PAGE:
A magical time
Sex...lights...magic and other elements audiences await in the Prescott Fine Arts new production of the musical "Pippen."
Yavapai College drama instructor Bruce Lanning, who directed last season's "All My Sons" and "The Pajama Game" at PFAA, brings the long running Broadway show to the local stage with some of the naughtiness introduced by original Broadway director Bob Fosse, but lighter in tone as originally conceived by original music and lyric writer, Steven Schwartz.
A morality play set in medieval society, the character of Pippen returns from college to his father's kingdom somewhere in the Holy Roman Empire.
Feeling a little estranged from his father, King Charles (Ron Lipps), who appears to value power over education, Pippen embarks on a quest to find meaning to his life.
Jake d'Armand, one of Lanning's drama students and debuting as a lead role in this show, plays the world weary Pippen who fails in a variety of pursuits.
He follows his battle-happy stepbrother, Lewis (Scott Godsil) into a war that bears no gratification, seeks solace in women and sex that leaves him empty, tries politics to no avail, and finds a woman to love (Sarah Elliot) but fears the relationship will trap him.
Backed by a live musical ensemble, funky numbers like "War is a Science" and "Morning Glow" imbues the show with a vibe of the 70's.
Comedy and music intertwine in numbers like "Glory," where a mock battle plays out with a top hat and cane jazz routine amidst flailing limbs.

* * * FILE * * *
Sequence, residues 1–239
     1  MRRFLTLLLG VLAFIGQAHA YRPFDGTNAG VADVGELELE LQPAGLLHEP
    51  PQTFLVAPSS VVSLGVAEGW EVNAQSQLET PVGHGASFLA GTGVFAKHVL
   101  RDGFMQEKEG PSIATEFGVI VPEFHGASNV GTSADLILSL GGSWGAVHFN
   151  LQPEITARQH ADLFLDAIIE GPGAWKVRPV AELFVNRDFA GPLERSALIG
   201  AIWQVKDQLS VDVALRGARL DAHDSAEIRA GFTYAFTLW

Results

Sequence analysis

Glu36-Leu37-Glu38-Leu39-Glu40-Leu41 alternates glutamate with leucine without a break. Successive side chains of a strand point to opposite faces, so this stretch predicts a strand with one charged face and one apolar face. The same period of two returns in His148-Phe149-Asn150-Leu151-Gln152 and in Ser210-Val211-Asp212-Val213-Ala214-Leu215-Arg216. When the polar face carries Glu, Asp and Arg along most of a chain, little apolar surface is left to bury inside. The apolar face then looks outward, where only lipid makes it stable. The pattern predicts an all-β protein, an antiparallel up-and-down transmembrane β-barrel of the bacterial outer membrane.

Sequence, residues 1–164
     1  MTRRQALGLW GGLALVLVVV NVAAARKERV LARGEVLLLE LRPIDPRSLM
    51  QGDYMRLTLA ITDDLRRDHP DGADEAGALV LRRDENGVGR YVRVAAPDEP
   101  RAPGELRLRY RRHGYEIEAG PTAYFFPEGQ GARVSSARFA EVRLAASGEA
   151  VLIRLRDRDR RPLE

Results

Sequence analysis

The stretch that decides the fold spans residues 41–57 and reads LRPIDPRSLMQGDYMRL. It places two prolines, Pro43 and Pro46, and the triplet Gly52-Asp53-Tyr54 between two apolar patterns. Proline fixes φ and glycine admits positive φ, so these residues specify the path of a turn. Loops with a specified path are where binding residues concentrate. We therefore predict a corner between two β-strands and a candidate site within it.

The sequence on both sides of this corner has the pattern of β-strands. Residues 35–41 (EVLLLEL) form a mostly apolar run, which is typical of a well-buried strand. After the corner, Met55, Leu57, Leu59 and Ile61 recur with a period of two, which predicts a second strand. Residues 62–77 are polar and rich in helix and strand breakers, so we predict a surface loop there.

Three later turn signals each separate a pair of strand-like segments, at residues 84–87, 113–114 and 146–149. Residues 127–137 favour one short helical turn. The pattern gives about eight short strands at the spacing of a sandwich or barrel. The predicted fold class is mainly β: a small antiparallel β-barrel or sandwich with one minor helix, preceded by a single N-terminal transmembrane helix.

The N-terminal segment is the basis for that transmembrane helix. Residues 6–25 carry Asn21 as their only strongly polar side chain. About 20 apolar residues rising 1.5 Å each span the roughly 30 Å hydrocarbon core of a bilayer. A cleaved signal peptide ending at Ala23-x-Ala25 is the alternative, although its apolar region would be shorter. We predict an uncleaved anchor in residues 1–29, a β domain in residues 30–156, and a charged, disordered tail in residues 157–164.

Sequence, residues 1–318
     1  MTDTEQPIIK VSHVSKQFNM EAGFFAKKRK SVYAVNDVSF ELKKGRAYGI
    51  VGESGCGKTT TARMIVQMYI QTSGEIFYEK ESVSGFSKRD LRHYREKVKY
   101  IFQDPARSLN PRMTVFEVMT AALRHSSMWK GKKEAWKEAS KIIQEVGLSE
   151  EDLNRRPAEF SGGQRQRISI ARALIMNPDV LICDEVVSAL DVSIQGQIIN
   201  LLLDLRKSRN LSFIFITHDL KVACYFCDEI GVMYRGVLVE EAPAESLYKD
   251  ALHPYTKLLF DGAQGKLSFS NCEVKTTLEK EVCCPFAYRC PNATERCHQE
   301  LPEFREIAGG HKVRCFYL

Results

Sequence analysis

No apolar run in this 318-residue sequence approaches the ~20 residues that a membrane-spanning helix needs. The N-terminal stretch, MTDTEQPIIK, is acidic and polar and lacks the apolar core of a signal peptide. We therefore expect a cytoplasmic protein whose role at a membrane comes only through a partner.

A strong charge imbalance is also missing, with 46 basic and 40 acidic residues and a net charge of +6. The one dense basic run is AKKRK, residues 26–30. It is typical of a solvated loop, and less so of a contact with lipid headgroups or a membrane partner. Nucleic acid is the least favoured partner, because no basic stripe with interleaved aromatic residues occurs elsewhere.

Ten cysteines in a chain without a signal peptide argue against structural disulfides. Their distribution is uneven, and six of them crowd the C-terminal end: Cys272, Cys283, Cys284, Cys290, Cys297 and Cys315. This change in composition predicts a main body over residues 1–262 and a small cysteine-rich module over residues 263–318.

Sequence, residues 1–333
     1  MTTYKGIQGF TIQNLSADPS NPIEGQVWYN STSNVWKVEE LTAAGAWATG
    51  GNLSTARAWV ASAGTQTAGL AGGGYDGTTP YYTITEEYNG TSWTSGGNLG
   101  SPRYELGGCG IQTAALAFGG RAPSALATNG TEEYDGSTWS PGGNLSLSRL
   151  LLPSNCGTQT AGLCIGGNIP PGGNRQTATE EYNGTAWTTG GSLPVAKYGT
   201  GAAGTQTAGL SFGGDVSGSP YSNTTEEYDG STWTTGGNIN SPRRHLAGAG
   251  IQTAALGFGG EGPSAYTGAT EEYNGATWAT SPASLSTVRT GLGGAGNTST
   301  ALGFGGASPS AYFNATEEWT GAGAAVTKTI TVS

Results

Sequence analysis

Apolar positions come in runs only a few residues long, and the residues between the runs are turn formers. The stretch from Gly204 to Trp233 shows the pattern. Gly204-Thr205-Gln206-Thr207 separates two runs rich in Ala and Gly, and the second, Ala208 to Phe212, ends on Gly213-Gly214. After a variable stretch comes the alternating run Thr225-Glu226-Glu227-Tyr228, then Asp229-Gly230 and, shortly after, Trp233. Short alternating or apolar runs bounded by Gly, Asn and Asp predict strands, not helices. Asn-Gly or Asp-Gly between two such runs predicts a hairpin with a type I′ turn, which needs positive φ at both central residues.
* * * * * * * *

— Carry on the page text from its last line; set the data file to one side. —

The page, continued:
Kimberly Neill reveals an extensive background in musical theater as The Leading Player, a song-and-dance character who guides Pippen through his various pursuits.
A long-time fan of the show, Fanning said he tried to cast "Pippen" 15 years ago for a Cleveland theater, but couldn't effectively cast the roles of The Leading Player and Pippen, acknowledging that 15 years ago, he wouldn't have thought of casting a woman in the role, played on Broadway by Ben Vereen.
"She's got just a wonderful voice. She's has kind of a little strange voice, but it's powerful, and it's just right as The Leading Player," he said, noting that d'Armand handles the lead quite well for an actor not accustomed to musical theater.
Ron Lipps ("Sometimes I wonder if all this fornicating I'm getting is worth all this fornicating I'm getting") fits the role of King Charles with requisite hilarity, and Linda Miller is particularly effective as his wife, Fastrada.
The show utilizes great set design and period costume.
Lanning said Schartz's exploration of the problems of war, sex, revolution and work and the value of human relationships make the play relevant to current society just as when he introduced it in the early 70's.
"It's a play that kind of fits now. Though I wish there was a part about financial stability," he said.
For a brief video preview, visit dCourier.com.